A writer friend of mine (a very bold one at that) gets up to lead this revolution and grabs a paper plate. The young man lowers the wooden bat to the plate? “Fuck you think you’re doing?” he says. “Getting some food,” my friend replies. The young man shakes his head. “Nah, nah. Mama said that we didn’t get paid yet. That means you don’t eat.” So my friend, defeated, sits back down and proceeds to text our editor. Twenty minutes later our editor comes running through the bathroom lobby like a hurricane, hands the older woman a fistful of money and he immediately leaves. Doesn’t say hi; doesn’t say bye. We’re all still sitting in the same fucking bathroom booth looking like a mock hostage situation. “K, y’all come get your food,” the older woman ordered. So we all get up. “Hold it,” she says. “There are some rules.” Rules?? RULES? What kind of rules?! By this point, I wished I really did have a gun pass through coat check. “You can have one piece of chicken or one piece of pork. You get one yam, one spoonful of greens, and one biscuit. Two of you can share a can of orange soda. Okay, come and get it.” Get what? That sounded like the appetizer before the appetizer. Her son separated the person collecting their meal from the rest of the line using that goddamn baseball bat. My friend (the same one who originally got up) is vegetarian and asked to take an extra vegetable instead. “No,” the woman replied. He asked why. Wrong question to ask. “Because your bossman only paid us half of what we quoted, so you get half of what you were supposed to eat.” Everyone took a tiny plate and sat back in the booth. I gave my vegetables to my friend, because I didn’t take any chicken (trauma from the night before) and at this point I was drowning in self-pity. We were rescued by our other editor, who walked downstairs, said “What the FUCK?” as she pulled us all from the booth (and our misery) to bring us to Haru for sushi (thanks, Dove).

      By the third day, I didn’t want to attend another holiday party for the rest of my life. This one was mandatory, though, because I was covering it. As in, I was getting paid to attend. It was promoted as a “star-studded” event, yet another phrase I never trust. So I get to the place and it’s a children’s event. Oh good. I walk in and tell the doorman I’m with the press. “Press? Nobody from press was invited.” Even better. I’m escorted to the backstage area and told to sit there until “someone famous arrives.” There’s a view of the stage, and I can see a bunch of kids piling onto it. They looked like the scariest bunch of children I’ve ever seen in my life. I’m sitting there all alone, until finally some teenage girl and her mother show up. “Now sit right there until you’re told otherwise,” the mother said. The teenage girl turns to me and says, “Who are you?” I look back over, “I’m a writer. Who are you?” She frowns. “I’m famous soon.” Soon. For the record, this young lady is famous now, but it took like ten years for her to get there. “Wanna hear something funny?” she says to me. Why the hell not. “So my grills don’t fit my mouth,” she continues, and whips out this shiny pair of diamond grills from her coat pocket and puts them in her mouth. “Sho when I tawk my teef shlip.” Her mother walks in and shouts, “Take those damn grills out of your mouth!” “Buh mama I’m jush showin her how funny I tawk wiffem in! Dash my mom by the way,” she slurred. “Sheesh my manager.” Her momager walks over and slaps her behind the head so the grills slide out onto the ground. One of the diamonds (or zirconia) falls out. The teenager has a meltdown and leaves to look for glue to fix her grills. “Go fuck yourself!” I hear coming from the stage, and I look out there to see a clown being assaulted by the kids. A famous rapper walks in, followed by the least interesting member of a female R&B group, a retired athlete, and a duo who had one song on the radio four years prior. These were the stars that studded the event. None of them wanted to go on stage because they were afraid of the children. Rappers were afraid of children. So we all sat in a crammed backstage area. Once again, I’m in a holiday hostage situation. I start interviewing them all, at this point just for fun. My little teenage friend returned and put her dirty grills back in her mouth (sans one diamond) to pose with me in a bunch of stupid pictures. [I saw her recently and we laughed about this day together.] This was the dumbest event I ever attended, but the best one out of that three-day hell week.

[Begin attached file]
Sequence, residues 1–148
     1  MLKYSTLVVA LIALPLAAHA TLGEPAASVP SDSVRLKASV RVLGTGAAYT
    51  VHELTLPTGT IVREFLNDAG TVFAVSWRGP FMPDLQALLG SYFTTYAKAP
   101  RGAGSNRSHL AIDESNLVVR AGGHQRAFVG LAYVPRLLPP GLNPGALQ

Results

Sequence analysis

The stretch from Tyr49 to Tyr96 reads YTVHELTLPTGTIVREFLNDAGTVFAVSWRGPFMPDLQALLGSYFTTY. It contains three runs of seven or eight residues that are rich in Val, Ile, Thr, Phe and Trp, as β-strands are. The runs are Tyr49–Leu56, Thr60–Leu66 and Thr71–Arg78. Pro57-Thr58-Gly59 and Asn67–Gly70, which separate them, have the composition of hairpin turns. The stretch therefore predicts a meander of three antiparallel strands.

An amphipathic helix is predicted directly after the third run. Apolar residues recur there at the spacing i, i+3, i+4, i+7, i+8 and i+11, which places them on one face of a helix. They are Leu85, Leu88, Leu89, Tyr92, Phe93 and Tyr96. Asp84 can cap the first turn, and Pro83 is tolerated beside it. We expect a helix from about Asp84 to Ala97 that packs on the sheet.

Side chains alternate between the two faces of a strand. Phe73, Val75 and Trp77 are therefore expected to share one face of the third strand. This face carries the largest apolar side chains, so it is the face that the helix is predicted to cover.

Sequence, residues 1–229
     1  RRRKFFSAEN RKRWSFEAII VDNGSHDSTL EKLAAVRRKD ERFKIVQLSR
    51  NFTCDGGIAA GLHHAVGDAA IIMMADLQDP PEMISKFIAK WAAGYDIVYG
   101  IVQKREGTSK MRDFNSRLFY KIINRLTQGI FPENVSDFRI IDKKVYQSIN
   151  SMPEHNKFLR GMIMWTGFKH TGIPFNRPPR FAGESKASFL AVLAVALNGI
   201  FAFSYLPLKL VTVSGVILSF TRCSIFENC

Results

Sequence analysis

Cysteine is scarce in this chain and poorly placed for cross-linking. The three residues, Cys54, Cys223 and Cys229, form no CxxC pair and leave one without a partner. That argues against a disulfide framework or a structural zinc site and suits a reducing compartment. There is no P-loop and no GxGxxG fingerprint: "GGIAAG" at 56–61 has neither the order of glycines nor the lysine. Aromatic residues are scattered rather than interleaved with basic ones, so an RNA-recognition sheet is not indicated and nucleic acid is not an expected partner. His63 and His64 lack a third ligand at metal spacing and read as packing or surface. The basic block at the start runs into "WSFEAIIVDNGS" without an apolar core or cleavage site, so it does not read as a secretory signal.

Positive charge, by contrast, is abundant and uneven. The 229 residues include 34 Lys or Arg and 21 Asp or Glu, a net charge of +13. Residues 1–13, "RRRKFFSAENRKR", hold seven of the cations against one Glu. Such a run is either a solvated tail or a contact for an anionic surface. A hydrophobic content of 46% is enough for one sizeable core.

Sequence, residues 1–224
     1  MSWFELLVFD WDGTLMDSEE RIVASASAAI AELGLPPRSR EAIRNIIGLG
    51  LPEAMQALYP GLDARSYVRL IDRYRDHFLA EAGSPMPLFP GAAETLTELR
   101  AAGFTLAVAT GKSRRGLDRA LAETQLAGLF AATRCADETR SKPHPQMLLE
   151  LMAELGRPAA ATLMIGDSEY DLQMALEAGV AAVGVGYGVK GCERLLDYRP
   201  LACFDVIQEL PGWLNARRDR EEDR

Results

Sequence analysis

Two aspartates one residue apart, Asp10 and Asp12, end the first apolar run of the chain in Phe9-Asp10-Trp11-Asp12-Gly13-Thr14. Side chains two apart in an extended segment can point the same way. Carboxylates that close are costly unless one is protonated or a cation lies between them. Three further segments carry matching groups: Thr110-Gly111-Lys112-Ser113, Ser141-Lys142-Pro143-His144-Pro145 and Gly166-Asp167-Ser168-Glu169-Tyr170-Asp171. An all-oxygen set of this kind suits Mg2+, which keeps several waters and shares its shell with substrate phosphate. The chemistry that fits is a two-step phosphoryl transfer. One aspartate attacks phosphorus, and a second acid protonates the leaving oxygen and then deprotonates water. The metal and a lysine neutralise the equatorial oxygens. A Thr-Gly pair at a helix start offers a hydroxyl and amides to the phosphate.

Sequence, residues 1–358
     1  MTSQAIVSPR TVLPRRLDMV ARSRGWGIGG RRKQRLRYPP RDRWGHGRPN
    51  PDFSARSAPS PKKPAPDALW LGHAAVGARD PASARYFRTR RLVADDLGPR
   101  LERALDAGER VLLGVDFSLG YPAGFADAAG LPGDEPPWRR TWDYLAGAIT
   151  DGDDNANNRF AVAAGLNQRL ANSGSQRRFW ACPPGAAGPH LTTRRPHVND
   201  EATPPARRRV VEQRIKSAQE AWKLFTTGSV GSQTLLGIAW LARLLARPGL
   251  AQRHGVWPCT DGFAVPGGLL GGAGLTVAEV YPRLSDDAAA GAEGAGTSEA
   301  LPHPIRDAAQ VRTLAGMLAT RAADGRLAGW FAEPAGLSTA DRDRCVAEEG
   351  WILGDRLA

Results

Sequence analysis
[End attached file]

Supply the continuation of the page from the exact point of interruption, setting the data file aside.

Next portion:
So I get home by 1 PM, I forgot to mention this disaster started at 9 AM, and I call my editor (the same one from the night before who half-paid the old woman and her son) to ask how he would like this piece laid out. “Oh you went to that holiday halfway house event? Nah, you’re supposed to attend tomorrow’s event. That’s the real holiday party. Can you cover that instead?”

      I hung up on him.

      @kath3000